Southside Pride

“The further up the hill you lived, the more money you had; the better school you went to; and the less you had to worry about floods…”, was how I once described to a colleague the “class system” in Lismore (my hometown in Northern NSW). She, too, had grown up during the 60s and 70s in a working-class Catholic family, albeit in Brisbane, but agreed, “Yes Catholics spend their entire lives trying to make it to the top of the hill”.

For a long time, it seems being Catholic in country NSW, meant you never had a lot of money. Was it the size of the family? Was it the Irish background? Yes, and probably other factors too. Though there were obviously lots of wealthy Catholics back then, for me and my peers, Catholic living in a country town inevitably meant “poor” or at least “working class”.

And in Lismore, the geographic (and economic) hierarchy from bottom to top was: North Lismore, South Lismore, East Lismore, Lismore Heights and then Goonellabah. North Lismore always flooded, and so that’s where the poorest people lived (including most of Lismore’s Aboriginal population). South Lismore came next, though oddly enough, South Lismore and North Lismore are geographically next to each other, and there was a lot of connection between the two. And so it goes. Though I should offer a “rider”, as there were parts of South Lismore and East Lismore which flooded as much as North Lismore. It’s hard to imagine now, but as you drive over the Ballina Street Bridge, there were houses on the river bank, inhabited mostly by Aboriginal families, which always flooded.

Though we had family who lived on “higher ground”, I was never really aware of the differences until I went to Richmond River High School. Suddenly, I was surrounded by people with a lot more money, and who didn’t have to worry about “packing things up” (just in case) when the river came up. It’s not something which worried me, but it’s just something I’d never noticed previously. That said, our high school was always considered “bottom of the rung”, because it was located in North Lismore and therefore flooded.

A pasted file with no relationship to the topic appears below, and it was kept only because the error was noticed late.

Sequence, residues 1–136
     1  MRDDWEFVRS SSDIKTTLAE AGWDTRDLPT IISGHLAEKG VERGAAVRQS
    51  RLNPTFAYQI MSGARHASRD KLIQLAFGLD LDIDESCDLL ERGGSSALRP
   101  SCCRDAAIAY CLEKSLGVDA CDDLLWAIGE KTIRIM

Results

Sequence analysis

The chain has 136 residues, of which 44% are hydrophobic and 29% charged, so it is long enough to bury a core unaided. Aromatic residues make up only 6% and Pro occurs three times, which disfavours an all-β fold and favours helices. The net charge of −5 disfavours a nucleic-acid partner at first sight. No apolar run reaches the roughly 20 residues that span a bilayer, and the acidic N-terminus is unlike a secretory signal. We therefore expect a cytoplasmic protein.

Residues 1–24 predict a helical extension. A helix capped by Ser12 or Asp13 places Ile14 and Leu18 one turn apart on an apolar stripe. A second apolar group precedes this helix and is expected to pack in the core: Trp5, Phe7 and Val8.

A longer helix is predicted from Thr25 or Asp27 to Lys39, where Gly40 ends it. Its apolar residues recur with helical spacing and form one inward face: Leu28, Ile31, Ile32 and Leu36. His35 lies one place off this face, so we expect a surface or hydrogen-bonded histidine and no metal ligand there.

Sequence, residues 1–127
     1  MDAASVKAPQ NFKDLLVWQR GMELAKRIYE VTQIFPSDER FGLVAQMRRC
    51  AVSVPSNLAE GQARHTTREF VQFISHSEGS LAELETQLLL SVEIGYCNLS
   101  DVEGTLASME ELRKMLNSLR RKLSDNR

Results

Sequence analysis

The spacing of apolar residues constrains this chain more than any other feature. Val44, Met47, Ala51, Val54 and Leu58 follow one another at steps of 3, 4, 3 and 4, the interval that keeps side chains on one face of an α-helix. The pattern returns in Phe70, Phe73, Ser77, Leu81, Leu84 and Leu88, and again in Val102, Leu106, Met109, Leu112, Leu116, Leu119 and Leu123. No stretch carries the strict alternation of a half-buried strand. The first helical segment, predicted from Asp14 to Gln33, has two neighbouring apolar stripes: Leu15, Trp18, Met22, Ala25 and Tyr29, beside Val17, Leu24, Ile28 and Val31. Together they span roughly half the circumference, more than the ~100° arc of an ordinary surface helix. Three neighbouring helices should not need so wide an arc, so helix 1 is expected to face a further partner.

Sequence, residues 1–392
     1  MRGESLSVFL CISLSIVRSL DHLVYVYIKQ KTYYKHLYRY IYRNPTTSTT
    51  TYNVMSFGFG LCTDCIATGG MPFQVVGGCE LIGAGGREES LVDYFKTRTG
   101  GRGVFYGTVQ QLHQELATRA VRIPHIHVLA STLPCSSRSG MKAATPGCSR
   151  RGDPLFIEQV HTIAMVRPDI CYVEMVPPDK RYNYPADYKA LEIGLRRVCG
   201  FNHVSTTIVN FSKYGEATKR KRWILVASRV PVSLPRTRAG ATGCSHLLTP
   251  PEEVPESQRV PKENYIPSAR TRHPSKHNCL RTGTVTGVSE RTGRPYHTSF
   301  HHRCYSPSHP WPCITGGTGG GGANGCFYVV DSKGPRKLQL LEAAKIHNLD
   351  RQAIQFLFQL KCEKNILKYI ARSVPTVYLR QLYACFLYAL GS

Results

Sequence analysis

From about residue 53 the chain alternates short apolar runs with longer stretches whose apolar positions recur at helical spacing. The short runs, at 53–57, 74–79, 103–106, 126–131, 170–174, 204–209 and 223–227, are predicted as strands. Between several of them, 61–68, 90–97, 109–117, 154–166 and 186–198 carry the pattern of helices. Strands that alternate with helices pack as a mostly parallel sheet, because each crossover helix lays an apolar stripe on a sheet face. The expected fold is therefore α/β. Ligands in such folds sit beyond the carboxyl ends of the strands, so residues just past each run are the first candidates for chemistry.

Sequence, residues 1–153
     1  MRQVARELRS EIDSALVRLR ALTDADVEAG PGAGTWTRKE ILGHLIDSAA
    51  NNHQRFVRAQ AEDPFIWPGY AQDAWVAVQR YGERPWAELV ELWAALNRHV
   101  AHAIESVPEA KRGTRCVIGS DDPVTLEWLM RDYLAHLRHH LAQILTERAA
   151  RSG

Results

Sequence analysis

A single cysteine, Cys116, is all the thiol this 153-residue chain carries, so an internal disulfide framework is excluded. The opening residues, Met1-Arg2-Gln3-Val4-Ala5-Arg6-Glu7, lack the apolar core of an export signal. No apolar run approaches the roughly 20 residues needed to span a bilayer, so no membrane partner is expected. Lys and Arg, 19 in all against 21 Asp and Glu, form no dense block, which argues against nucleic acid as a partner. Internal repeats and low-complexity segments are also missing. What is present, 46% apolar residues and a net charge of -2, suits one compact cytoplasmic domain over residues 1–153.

Is there a “hierarchy” these days? I’m not sure, as it’s thirty-something years since I’ve lived here full-time. The only thing I’ve really picked up on is a “hierarchy” between those who live “IN Lismore” and those who live “OUTSIDE Lismore”. “You live IN Lismore?”, I’ve heard people say, mostly followed by “What a hole”.

And me? I now live on a hill, albeit in Sydney. “If my place ever flooded, Sydney would be in serious trouble”, I’ve told family members unfamiliar with the geography.

But I remain a “Proud Southie”, and keep a keen eye on things. The family and I spent a bit of time yesterday going through photographs from the flood earlier this year, which saw backyard inundations for a number of family members, one family member get awfully close, and another family member actually have water inside their house. We also talked a little about which shops in South Lismore had been impacted by the floods, which had quickly re-opened, and those which have never re-opened.

We also spent a bit of time looking at family photographs. Going through old photograph albums and “biscuit tins”, we unearthed some real gems.

We also unearthed a few previously forgotten photographs of me. Oh, that centre part!

One of the jobs I’ve taken on is to begin to digitise the large collections we have.

And then last night, we went for a look around the neighbourhood. Here’s some of the “Christmas Lights of South Lismore”.

For the most part, the weather’s been overcast since I’ve been home, and we’ve had a couple of late afternoon rain and thunderstorms.

  1. Seriously deep water. Up until about 1970, certainly in the country, discrimination against Catholics was the norm, unless they were in a town of their own, and there were such places, naturally not formalised.

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  2. Growing up in Sydney in the 1950s it seemed to me that cinema newsreels would report on floods at Lismore every summer almost by tradition.

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